The Aftermath of BP Gulf Spill: Reforming a Deficient Safety Culture and Regulatory System Through Consumer Pressure
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In 2010, the BP spill in the Gulf of Mexico cast doubt on the efficacy of oil regulation and the future of offshore drilling. In this paper, I examine the causes and ramifications of the BP spill in the context of oil regulation and industry safety culture. I argue that the spill resulted from a deficient safety culture, poor regulatory oversight, and negligible prioritization of the environmental and safety protocol. To correct the incentive schemes and safety culture of the oil industry, I propose a model that utilizes consumer pressure to incentivize companies to maximize environmentally responsible production. Ultimately, disclosing the environmentally records of oil companies can capture environmentally minded consumers and align the best interests of the industry with environmental stewardship.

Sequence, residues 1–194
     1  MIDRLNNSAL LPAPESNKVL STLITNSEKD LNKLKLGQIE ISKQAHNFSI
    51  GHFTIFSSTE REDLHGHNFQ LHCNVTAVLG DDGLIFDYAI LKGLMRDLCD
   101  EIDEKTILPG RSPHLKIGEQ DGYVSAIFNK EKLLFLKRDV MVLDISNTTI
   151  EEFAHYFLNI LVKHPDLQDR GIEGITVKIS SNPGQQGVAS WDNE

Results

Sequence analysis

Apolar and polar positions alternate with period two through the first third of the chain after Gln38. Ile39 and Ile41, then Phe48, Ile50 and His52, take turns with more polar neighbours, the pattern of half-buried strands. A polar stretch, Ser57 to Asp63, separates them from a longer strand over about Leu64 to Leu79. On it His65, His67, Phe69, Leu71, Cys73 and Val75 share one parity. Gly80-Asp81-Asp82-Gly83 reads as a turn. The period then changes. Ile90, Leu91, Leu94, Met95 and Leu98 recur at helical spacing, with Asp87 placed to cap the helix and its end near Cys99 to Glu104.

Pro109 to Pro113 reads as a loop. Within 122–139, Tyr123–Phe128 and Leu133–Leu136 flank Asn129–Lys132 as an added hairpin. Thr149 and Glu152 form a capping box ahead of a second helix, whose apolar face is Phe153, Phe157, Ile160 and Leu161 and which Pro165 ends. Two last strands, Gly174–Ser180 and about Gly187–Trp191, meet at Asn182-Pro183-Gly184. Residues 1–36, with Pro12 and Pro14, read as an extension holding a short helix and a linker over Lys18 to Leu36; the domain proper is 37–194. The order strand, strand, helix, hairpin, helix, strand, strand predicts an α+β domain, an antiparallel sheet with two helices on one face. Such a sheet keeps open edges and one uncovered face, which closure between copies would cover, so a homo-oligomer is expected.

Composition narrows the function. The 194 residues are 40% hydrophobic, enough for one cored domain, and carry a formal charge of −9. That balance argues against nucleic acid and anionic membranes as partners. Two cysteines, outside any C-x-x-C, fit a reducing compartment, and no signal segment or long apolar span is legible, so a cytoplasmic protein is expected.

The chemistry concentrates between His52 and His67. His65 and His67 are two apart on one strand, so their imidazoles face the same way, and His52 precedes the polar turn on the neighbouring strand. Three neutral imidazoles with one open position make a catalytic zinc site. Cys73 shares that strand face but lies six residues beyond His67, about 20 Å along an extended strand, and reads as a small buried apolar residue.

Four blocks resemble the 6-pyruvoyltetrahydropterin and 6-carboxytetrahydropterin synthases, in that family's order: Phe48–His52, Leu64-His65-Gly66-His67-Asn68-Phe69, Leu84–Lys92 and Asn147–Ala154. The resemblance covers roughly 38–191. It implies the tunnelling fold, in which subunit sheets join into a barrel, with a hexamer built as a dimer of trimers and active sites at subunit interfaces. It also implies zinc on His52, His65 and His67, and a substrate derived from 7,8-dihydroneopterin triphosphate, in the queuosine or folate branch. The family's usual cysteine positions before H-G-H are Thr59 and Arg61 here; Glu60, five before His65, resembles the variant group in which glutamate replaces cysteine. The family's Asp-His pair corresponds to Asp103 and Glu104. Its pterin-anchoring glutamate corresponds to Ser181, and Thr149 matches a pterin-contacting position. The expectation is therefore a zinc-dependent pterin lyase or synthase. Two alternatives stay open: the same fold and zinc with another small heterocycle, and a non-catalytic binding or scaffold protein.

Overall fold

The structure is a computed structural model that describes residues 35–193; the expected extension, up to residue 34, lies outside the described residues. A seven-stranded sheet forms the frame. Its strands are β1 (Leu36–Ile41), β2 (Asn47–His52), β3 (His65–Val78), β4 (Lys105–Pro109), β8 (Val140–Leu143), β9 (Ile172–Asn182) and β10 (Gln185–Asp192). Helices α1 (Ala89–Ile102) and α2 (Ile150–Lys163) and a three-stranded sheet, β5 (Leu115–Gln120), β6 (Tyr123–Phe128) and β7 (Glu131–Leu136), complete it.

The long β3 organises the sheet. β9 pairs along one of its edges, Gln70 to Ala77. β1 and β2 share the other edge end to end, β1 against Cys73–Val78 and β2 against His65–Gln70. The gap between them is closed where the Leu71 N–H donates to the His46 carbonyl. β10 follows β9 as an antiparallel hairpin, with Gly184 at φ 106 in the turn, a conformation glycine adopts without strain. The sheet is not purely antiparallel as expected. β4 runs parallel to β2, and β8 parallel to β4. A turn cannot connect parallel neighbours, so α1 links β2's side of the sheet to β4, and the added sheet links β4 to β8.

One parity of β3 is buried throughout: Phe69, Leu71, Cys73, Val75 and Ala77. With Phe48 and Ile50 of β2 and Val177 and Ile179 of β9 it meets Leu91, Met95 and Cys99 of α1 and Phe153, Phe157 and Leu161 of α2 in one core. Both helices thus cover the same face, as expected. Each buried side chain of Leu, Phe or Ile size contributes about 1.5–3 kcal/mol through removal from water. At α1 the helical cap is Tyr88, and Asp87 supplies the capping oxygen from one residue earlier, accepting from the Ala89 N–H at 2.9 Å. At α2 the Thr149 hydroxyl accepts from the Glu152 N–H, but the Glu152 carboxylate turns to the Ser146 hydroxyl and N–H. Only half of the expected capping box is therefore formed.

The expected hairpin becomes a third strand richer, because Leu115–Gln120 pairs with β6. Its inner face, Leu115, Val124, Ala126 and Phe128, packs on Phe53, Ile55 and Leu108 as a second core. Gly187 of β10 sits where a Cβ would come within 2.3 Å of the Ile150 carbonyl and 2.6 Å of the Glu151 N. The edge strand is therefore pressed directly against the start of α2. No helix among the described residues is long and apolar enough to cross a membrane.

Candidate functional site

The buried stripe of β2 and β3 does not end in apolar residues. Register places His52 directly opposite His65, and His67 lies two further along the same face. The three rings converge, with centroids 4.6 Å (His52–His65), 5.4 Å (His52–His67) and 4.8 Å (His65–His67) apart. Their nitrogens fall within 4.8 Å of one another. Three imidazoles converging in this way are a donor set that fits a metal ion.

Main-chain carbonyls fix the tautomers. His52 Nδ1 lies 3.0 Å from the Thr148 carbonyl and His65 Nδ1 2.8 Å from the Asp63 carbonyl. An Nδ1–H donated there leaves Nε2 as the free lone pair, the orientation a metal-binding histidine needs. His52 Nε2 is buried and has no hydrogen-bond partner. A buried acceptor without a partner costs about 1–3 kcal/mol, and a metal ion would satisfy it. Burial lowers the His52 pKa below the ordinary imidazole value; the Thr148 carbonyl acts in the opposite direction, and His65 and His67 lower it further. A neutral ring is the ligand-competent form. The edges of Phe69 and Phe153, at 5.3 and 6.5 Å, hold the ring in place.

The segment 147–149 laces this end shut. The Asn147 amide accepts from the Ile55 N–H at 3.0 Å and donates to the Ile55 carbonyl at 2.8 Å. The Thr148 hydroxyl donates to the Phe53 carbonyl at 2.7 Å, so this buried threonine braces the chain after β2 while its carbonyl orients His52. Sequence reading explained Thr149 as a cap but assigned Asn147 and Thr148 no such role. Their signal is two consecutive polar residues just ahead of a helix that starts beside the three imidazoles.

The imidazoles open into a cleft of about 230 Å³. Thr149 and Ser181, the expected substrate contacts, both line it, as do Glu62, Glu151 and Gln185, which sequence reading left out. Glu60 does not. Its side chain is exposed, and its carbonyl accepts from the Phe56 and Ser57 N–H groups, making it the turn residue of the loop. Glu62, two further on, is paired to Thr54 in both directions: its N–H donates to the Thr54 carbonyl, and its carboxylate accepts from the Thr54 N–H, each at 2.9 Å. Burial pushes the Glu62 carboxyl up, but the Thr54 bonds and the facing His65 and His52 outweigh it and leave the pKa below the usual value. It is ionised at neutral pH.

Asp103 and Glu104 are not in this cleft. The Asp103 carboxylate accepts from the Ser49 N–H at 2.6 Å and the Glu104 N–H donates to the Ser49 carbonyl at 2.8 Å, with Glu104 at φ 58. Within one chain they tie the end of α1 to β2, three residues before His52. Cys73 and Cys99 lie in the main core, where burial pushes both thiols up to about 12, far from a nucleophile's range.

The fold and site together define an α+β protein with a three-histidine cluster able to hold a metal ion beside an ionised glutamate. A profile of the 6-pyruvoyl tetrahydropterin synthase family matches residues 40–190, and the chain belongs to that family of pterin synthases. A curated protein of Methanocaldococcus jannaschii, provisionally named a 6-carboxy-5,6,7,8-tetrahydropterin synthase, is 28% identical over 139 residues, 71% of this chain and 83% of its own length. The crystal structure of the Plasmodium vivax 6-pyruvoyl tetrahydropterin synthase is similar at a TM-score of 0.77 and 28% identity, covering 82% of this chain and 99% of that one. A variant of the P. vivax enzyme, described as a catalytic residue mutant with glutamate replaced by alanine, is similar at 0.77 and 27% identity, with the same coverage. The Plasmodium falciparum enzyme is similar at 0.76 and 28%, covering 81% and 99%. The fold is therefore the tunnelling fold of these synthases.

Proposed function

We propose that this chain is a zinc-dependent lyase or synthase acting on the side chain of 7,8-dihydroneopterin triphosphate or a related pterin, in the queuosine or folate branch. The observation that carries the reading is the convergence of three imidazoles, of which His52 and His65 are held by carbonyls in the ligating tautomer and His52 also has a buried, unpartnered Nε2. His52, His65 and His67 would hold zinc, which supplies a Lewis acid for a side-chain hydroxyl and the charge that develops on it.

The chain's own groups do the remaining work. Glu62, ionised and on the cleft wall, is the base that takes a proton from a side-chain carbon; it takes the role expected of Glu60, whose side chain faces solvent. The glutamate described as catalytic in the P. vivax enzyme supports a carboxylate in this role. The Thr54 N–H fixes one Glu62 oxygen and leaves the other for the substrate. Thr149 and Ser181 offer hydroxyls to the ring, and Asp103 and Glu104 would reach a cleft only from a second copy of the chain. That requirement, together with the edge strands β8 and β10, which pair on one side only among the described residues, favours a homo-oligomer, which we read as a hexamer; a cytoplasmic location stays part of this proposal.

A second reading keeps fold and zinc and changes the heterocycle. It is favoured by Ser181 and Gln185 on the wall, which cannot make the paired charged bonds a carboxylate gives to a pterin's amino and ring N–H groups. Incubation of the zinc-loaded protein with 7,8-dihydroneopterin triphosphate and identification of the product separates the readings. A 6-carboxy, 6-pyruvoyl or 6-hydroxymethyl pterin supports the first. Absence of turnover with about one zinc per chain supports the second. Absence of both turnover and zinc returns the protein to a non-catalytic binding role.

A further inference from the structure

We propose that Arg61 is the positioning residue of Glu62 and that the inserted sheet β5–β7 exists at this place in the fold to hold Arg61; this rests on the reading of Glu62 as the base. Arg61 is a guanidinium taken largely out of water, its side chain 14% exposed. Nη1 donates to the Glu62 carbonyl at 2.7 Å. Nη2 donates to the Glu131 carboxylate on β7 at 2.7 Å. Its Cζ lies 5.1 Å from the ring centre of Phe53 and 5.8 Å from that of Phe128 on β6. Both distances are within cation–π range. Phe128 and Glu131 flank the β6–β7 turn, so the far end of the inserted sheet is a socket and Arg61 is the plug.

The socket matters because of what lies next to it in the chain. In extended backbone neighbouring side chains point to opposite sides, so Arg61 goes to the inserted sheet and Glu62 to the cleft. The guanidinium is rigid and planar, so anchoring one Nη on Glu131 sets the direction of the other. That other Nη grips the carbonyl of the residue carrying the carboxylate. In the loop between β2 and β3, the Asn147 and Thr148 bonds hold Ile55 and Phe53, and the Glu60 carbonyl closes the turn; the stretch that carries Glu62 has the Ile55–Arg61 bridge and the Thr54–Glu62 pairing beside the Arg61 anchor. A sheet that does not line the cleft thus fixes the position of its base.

Description2011 Public Policy Honors Thesis
DepartmentPublic Policy Studies
SubjectBP gulf spill
CitationWard, Rebecca (2011). The Aftermath of BP Gulf Spill: Reforming a Deficient Safety Culture and Regulatory System Through Consumer Pressure. Honors thesis, Duke University. Retrieved from http://hdl.handle.net/10161/4953.
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Rights for Collection: Undergraduate Honors Theses and Student papers